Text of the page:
Oral history can be a complicated beast when it comes to issues surrounding consent and ethics. Firstly, oral history is considered both a methodology and a field of study so this inevitably complicates things for researchers. As a field of study that has developed into its current form over the past fifty years, oral history has always concerned itself with giving a voice to the powerless, the marginalised and disenfranchised in society. As the field has developed over the years, so too have questions about the practice of oral history. After all, the very foundations of oral history relies on talking and listening to our subjects in order to record and preserve their memories for future generations. Yet, the academic pursuit of oral history has also raised numerous questions about the types of histories we record and the dynamics at play between researchers and their subjects. Indeed consent and ethics have always been a central concern of oral history. But when it comes to addressing these issues, oral historians need to strongly bear in mind that they are not only abiding by the professional standards of the field but also respecting the wholly collaborative nature of the interview. This guide will aim to provide an overview of the debates concerning consent in oral history and the issues it raises in research data management for researchers at UCL and beyond.
UCL Library Services is pleased to invite UCL staff to an afternoon of information and discussion about the UK Data Service (UKDS).
The UKDS is funded by the ESRC to meet the data needs of researchers, students and teachers in the Social Sciences and Humanities. Its collection includes major UK government-sponsored surveys, cross-national surveys, longitudinal studies, UK census data, international aggregate, business data, and qualitative data.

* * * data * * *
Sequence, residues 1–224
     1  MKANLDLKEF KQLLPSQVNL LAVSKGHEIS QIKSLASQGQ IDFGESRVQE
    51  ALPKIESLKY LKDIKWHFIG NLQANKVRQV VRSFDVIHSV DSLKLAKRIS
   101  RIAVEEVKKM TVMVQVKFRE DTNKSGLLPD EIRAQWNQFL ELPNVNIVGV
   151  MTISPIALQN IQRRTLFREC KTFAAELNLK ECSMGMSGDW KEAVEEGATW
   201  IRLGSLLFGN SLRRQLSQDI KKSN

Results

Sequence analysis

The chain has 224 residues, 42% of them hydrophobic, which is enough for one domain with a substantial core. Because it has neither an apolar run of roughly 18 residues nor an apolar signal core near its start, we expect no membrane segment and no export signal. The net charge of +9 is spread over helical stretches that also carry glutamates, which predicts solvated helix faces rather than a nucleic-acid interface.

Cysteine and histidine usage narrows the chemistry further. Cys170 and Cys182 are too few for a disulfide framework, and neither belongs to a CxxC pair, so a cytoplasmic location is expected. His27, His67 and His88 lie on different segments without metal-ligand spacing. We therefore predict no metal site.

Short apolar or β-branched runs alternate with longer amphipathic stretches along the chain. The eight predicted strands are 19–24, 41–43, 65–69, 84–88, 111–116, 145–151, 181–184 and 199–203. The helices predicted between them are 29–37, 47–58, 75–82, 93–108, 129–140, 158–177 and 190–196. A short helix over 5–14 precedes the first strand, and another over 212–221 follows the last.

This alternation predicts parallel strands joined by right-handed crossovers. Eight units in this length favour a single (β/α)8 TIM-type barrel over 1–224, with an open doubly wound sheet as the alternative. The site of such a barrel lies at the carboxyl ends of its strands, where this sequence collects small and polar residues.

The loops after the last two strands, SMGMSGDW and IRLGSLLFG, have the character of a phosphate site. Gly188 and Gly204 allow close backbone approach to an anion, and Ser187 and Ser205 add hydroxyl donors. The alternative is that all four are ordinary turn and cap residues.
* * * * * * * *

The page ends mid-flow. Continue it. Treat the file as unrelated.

Participants will learn how to access these collections as well as how to deposit their own research data and sources in the UKDS repository, ReShare. During the drop-in session participants will be able to ask questions about data sharing, ESRC data management plans, consent procedures, data storage, encryption and more.
The new General Data Protection Regulation (GDPR) comes into effect in May 2018. It will replace the current Directive and apply to all EU member states without the need for national legislation. The implementation will require comprehensive changes to the way in which organisations, like UCL, collect, use and transfer personal data.
Please see the UCL Data Protection Office’s guidance on the impact of the GDPR on how researchers will seek consent, on privacy notices, data breaches and more.